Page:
I have a new position as a postdoc with Sam Schwarzkopf at UCL. My adventure continues in London, where I’ll get to expand my research skills further, and explore yet another academic environment!
I am now a Dr.
No, not that kind of Dr. The less useful kind. But a Dr nonetheless! It has been 12 hours now, and those two letters are starting to look a little weird in front of my name.
Beyond requesting that you all now bow to me, the purpose of this post is to convey my thanks (that word is not enough) to the people who have been in my life. I refer both to the people from the past four years who have watched me struggle through this thing called PhD, and those who came before. I strongly believe a person is a sum of their experiences, and if I may be arrogant for a moment, I’m a pretty awesome person. I blame all of you :)
And because no one is going to read the damn thing, I have copied below the most important part.
It is difficult to describe the thanks I owe to the people who helped me during this process, and I think only those who have undertaken such a project really understand the support required to come this far and produce such a document.
A symphonic cacophony of thanks:
To my primary advisor Phil, who was the calm in the face of the storm. I have lost count of the times that you steered me back on course, and kept me from giving up. You provided me with the feedback and constructive criticism I needed (but didn’t always want!) to make me a better writer, and also made me unafraid as a researcher, less scared to share my data, programming, and most importantly, my ideas.
To my associate advisor Roger. At the beginning, all those years ago, I thought that I would never have as much knowledge at the tip of my fingers as you always seem to have. Thanks to your guidance, and your seemingly unfailing belief in my abilities as a researcher but also as a person, gaining that experience and knowledge no longer seems such a daunting or impossible task. Thank you for constantly challenging me to do better.
To the APA for providing a scholarship funding this research and providing a living allowance, and to the School of Psychology at UQ and all the amazing staff within, who make the lives of a PhD that much easier. Particular thanks go to Alison Pike, for facing the wall of rules and paperwork with me.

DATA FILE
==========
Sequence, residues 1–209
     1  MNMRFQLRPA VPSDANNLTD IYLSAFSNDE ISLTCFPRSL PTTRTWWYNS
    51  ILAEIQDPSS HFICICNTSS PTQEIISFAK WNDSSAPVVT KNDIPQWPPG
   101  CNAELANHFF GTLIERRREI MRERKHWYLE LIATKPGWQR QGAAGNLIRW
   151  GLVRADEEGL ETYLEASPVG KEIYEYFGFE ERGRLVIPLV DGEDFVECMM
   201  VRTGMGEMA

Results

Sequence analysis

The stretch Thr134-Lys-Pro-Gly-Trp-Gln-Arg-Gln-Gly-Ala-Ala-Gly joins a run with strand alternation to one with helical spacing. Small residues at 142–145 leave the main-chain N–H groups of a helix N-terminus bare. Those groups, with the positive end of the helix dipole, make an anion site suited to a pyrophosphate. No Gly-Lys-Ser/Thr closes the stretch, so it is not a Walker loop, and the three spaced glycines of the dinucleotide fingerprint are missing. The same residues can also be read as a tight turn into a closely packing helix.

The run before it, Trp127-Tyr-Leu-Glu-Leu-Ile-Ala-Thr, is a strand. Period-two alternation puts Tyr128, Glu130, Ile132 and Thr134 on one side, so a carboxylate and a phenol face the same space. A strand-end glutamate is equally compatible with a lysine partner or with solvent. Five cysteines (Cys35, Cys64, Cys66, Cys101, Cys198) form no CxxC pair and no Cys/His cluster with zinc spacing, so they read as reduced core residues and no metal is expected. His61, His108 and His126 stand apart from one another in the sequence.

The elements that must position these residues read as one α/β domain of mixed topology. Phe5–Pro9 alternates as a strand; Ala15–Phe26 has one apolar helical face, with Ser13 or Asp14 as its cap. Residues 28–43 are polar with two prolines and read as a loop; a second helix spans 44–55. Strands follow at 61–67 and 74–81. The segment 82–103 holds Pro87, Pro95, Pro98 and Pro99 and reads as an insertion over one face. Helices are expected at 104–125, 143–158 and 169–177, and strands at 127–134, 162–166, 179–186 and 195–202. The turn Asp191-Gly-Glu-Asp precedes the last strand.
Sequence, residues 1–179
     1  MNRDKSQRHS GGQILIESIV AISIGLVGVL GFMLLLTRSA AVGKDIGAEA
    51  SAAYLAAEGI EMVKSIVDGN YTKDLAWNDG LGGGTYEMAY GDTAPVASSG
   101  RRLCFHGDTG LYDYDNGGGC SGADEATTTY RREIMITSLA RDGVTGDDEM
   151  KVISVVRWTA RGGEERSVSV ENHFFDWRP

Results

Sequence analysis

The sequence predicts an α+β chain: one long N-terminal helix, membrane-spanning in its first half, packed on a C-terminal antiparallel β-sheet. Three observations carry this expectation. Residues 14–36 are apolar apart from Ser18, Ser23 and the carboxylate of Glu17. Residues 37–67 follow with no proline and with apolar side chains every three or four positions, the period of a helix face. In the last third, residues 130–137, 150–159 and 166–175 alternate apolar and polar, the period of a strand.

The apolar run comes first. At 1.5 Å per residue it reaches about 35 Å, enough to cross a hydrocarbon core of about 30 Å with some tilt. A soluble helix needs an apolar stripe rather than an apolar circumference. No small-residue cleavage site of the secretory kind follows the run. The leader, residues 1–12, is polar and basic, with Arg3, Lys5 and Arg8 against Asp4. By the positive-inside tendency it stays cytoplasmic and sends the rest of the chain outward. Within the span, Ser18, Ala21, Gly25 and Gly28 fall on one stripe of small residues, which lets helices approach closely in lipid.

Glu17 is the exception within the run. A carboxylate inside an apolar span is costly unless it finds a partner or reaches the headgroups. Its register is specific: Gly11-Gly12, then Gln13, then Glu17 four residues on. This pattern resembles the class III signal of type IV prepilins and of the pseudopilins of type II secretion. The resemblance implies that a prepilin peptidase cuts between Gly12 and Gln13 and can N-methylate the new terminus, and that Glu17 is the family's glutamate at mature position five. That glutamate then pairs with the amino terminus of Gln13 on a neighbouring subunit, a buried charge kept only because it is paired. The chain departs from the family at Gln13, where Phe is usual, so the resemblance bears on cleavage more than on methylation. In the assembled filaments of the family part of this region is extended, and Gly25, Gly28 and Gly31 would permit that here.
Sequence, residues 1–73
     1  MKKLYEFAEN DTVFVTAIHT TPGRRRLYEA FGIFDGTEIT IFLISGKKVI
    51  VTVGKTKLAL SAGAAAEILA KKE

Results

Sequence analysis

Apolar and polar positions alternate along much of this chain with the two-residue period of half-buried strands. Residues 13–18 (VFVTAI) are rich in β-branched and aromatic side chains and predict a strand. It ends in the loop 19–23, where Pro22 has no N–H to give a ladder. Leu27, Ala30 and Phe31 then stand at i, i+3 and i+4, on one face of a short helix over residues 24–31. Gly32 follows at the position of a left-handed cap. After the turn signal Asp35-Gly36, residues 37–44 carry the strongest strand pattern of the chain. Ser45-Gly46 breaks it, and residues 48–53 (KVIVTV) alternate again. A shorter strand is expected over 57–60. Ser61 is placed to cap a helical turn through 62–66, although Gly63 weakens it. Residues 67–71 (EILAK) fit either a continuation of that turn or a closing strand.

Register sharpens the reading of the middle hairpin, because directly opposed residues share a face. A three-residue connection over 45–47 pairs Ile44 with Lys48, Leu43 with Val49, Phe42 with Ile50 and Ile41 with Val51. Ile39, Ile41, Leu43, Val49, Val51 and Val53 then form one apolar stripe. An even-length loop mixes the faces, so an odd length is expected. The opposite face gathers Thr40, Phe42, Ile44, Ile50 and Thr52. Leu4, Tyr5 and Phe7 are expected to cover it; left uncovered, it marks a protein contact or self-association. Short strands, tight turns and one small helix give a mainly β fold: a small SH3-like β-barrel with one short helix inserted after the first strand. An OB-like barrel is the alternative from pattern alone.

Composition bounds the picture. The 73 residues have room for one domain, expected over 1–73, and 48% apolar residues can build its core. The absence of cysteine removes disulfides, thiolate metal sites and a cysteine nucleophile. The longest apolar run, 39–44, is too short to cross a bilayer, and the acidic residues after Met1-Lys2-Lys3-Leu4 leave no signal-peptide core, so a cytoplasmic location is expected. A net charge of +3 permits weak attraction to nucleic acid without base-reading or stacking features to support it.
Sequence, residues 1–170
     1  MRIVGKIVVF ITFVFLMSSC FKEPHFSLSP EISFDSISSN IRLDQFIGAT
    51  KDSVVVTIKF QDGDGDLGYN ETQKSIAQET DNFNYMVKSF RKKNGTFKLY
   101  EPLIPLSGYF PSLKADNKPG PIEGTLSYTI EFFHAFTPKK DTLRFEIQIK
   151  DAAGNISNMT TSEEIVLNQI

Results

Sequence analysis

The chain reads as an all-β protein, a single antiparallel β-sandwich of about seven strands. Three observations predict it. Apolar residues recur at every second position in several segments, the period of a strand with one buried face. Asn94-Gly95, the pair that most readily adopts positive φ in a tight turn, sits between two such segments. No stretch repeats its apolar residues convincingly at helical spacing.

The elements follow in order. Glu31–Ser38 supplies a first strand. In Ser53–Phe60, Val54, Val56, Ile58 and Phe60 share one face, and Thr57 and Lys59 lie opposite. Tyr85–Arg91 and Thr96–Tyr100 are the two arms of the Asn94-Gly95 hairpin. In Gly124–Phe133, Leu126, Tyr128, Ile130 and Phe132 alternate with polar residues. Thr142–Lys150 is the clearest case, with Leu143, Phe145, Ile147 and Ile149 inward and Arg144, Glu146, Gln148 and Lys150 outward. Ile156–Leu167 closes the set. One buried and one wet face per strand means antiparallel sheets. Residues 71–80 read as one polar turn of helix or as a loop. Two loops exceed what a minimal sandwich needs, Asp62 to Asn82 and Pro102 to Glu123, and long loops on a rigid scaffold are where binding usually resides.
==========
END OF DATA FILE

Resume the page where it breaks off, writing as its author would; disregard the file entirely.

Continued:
To my officemates Kate and Regan, you made my thesis writing days that much easier to bear having you to work beside, or provide much needed discussion and distraction.
To all the other academics in the school, in particular Derek Arnold, Stefanie Becker, Jenny Burt, and Ottmar Lipp. Thank you for your constant encouragements, your kind words, and your belief in my abilities as a researcher and a person, you gave me the confidence to continue when I didn’t have that belief myself.
To the ‘Lunch Committee’, without whom I would have gone mad a long time ago, and because of whom I most likely did not leave UQ a completely sane person! Will Harrison, James Retell, Morgan Tear, Zan Saeri, Jason Tangen, Mel McKenzie, Dustin Venini, Ruben Laukkonen, Regan Gallagher, Rachel Searston, Matthew Thompson, and others (please forgive me, the list is long!). Thank you for the two-fold role you played, first as an endless repository of knowledge, opinions and ideas for research, and second, as the antithesis to work.
To Whitney and Kasih, for the exercise and gossip that helped ward off the crazy, and also to Dustin, Josha, Rona, and Uri, and Lizzie and Era, for our wonderful adventures when I needed to escape from work.
To my family, Dad and Bo, for your support and editing, and Arvid and Neets, for your distractions!
To Dave. I don’t think even I understand how we got through this together, but what’s mine is yours, and this as much as anything.
I have submitted my PhD!
It felt like it took eons, but I managed to submit in under 4 years. Now to await the reviews and revisions! The process covered all ranges of emotions, especially in the last few months when I was working in a new Postdoc position during the day and writing at night. But it is over for the moment, so onto new things!
I have a new position as a postdoctoral researcher with Julie Golomb at OSU in Ohio, USA. I am looking forward to the new research avenues I will be able to explore while here at OSU with Julie, and learning about fMRI techniques as well as experiencing a different lab and university culture.
Here is a photo of my awesome new lab mates, with the pumpkins we carved for Halloween:
My latest manuscript, “Segmentation by depth does not always facilitate visual search”, has just been accepted and is now in press at Journal of Vision.
Presenting my research as a poster at VSS 2013, 3D glasses and all!
Another year, another conference. The 40th Annual Experimental Psychology Conference (EPC) was held in Adelaide this year, from the 3rd to 6th of April, 2013. I am attending thanks to an APA Travel Award and an EPC Student Travel Grant.
I presented the first talk of the conference, titled “Exploring the parameters of visual search in 3D space”, co-authored with my advisor Dr Phil Grove.